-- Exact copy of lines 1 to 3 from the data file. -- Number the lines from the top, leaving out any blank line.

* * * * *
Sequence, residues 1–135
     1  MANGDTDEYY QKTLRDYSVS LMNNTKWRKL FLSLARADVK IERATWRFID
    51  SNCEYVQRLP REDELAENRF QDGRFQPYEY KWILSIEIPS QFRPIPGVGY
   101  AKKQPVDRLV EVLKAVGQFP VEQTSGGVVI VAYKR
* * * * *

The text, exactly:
Sequence, residues 1–135
     1  MANGDTDEYY QKTLRDYSVS LMNNTKWRKL FLSLARADVK IERATWRFID
    51  SNCEYVQRLP REDELAENRF QDGRFQPYEY KWILSIEIPS QFRPIPGVGY